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December 2016 / February 2018
Temporary Suspension of Foundem's service
------------------------- February 2018 Update -------------------------
"Competition abuse is difficult to understand, because its victims are usually invisible. Their presence is measured in absences: businesses abandoned; careers unfulfilled; innovations stifled at birth. Today, Foundem's website is the digital equivalent of a boarded-up house. But when the Raffs created it in 2005, it represented a technological epiphany: a search engine for the parts of the internet Google couldn't reach." Wired Magazine, February 2018
On 27 June 2017, the European Commission's investigation into Google's search manipulation practices culminated in a guilty verdict (Prohibition Decision). Although the record-breaking $2.7 billion fine dominated the headlines, the associated prohibition of Google's insidious and immensely harmful practices will prove far more important.
We are now working to ensure that Google complies with the equal treatment remedy set out in the Commission's Prohibition Decision, thereby restoring the level playing field required for competition and innovation to thrive. Regrettably, Google's current proposal is both ineffective and brazenly non-compliant.
For a unique insight into the behind-the-scenes story of the epic struggle to shed light on and end Google's anti-competitive practices, please see our recent (no-holds-barred) Podcast interview with Rowland Manthorpe of Wired Magazine and/or his excellent, long-read article, Google's nemesis: meet the British couple who took on a giant, won...and cost it £2.1 billion.
And, for an analysis of why the U.S. is poised to be the next important battleground, please see the (even-longer-read) The Case Against Google, by Charles Duhigg in the New York Times Magazine.
------------------- Original December 2016 Statement -------------------
Foundem is the lead Complainant in the European Commission's Google Search Case. It was our November 2009 Competition Complaint that triggered the European Commission's probe into Google's search manipulation practices.
In common with many of the World's leading vertical search services, Foundem was severely impacted by Google's "Panda" update (and its various follow-ons). Since the introduction of Panda in Europe in April 2011, we have struggled to maintain our service to the exacting standards that we set ourselves.
In March 2012, we suspended parts of our service pending the outcome of the European Commission's antitrust investigation into Google's search manipulation practices. We have now reluctantly taken the decision to temporarily suspend all remaining aspects of our service.
In April 2015, the Commission upheld our complaint and issued formal antitrust charges against Google (a Statement of Objections).
See here for our interactive deconstruction of Google's public response to the Commission's charges.
In July 2016, the Commission issued a Supplementary Statement of Objections (SSO) to Google, reinforcing the Commission's case with additional evidence.
See here for our December 2016 deconstruction of Google's public response to the SSO.
With a formal Prohibition Decision expected soon, the Commission has made clear that it will be seeking a remedy based on the equal-treatment/non-discrimination principle that has been widely endorsed by complainants, consumer groups and interested third parties. This remedy would simply require Google's search engine to hold all services, including Google's own, to exactly the same standards - subjecting them to exactly the same crawling, indexing, ranking, display, and penalty algorithms.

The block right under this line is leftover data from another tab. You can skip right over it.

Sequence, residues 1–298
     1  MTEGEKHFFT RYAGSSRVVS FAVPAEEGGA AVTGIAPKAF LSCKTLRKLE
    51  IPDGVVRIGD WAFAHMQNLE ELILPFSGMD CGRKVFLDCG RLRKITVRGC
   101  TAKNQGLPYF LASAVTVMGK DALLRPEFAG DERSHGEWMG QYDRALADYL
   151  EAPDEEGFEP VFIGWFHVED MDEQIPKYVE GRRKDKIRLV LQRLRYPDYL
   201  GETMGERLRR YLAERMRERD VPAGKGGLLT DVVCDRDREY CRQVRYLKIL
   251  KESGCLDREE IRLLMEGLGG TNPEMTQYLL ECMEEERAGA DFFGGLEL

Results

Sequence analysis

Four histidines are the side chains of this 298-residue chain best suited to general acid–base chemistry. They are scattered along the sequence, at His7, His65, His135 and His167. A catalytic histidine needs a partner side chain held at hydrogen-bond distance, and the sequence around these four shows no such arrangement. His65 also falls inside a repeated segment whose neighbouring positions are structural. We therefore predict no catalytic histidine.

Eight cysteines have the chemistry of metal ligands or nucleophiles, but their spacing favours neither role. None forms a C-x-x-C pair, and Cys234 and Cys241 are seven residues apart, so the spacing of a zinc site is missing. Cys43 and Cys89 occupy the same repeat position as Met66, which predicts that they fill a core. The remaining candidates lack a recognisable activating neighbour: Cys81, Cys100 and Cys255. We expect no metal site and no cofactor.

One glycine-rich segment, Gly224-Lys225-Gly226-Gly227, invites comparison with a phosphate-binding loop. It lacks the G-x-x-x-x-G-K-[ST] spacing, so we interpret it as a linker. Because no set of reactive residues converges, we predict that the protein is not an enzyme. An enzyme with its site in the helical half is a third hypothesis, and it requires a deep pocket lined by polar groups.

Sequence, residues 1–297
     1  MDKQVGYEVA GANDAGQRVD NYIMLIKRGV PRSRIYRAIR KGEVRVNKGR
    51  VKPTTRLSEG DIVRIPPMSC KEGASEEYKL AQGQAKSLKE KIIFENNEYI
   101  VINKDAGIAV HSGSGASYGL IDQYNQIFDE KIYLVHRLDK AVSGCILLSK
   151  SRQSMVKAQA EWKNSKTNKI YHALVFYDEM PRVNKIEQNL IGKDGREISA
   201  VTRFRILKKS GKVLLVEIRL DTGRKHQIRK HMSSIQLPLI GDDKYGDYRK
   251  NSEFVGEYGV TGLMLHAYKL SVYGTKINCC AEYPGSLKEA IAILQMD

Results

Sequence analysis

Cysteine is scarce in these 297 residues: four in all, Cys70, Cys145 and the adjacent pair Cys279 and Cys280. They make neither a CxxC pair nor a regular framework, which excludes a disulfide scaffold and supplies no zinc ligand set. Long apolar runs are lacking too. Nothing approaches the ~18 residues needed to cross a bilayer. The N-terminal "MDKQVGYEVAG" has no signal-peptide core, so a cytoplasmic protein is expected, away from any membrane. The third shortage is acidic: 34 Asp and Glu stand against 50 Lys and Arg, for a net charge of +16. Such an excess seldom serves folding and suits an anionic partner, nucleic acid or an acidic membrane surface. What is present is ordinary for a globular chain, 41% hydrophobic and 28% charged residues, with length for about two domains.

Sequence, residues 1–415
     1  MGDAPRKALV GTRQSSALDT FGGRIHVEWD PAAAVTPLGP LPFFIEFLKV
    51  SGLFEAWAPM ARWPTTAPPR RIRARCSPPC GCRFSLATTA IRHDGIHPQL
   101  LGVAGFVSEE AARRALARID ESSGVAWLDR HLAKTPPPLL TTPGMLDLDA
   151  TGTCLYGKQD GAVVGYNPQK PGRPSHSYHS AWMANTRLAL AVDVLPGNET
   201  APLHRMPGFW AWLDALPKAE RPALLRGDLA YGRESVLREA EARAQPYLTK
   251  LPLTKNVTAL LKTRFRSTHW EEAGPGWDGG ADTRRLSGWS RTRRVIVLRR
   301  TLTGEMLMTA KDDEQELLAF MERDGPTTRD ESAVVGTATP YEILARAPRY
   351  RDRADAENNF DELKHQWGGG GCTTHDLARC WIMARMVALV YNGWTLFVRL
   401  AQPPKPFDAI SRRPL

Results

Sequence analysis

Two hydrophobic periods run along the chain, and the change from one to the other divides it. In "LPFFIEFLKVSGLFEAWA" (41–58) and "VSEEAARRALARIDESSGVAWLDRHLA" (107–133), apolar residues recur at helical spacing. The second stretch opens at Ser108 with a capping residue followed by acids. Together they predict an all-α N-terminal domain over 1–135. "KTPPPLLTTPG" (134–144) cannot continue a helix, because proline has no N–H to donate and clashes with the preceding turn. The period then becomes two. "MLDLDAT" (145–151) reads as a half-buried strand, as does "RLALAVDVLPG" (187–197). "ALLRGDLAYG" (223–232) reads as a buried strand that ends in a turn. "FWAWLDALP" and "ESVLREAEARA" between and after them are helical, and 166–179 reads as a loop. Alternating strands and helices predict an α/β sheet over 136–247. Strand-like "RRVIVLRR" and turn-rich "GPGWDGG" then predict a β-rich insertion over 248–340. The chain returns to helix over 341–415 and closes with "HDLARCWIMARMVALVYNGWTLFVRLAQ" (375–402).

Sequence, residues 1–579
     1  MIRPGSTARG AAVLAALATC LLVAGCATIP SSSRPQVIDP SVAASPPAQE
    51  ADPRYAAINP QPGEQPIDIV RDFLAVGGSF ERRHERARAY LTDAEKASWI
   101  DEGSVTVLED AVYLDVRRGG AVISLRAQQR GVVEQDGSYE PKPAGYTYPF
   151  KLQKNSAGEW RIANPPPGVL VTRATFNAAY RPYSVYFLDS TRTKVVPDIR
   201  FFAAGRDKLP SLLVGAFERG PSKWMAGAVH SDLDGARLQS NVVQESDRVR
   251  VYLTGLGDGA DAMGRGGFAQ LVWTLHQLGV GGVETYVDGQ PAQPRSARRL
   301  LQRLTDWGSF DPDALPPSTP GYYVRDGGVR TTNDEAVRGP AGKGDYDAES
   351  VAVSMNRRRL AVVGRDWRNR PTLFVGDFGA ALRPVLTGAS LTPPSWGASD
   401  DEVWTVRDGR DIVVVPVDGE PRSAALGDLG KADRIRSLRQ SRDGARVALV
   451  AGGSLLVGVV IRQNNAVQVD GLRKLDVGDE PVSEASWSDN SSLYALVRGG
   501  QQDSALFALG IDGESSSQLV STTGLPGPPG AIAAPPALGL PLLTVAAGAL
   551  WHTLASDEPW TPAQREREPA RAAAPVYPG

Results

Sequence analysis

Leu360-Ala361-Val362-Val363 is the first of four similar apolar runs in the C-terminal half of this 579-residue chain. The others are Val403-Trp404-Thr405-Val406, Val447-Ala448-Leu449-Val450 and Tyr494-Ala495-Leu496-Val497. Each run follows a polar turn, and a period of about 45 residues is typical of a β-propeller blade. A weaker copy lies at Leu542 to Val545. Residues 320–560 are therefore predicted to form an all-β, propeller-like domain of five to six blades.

Note that the anticipated Prohibition Decision will cover all of Google's search results, regardless of whether they are accessed on a desktop, laptop, tablet, or mobile phone, or through a browser or an App. And the required remedy is likely to extend far beyond product price comparison, to also include travel search, local search, and other existing and future specialised search services.
It is difficult to imagine a Competition case where the stakes for consumers, businesses and innovation could be any higher. Google's overwhelming dominance of search and search advertising means that it plays a decisive role in determining what the vast majority of us discover, read, use, and purchase online. The importance of ending Google practices that have been quietly manipulating this unprecedented power to Google's own financial and anti-competitive ends cannot be overstated.
As the company that first brought Google's insidious, anti-competitive search manipulation practices to the attention of regulators on both sides of the Atlantic, Foundem is uniquely placed to shed light on the background and context of this important case. For a summary of the significant events in the Google Search Case, please see our Timeline.
Unfortunately, for some time now, it has not been possible to maintain our service at an acceptable level. We have been reluctant to suspend our remaining service until now, because doing so could make it more difficult to re-enter the market once the Commission has restored a level playing field. We have only felt able to leave our service accessible for this long because Google's various anti-competitive algorithmic penalties have meant that few visitors reach Foundem to witness how it has become a pale shadow of its former self.
We look forward to reviving our service as soon as the Commission's remedy is in operation and the level playing field required for competition and innovation to thrive has been restored.
Until then, we thank our users for their patience and understanding.
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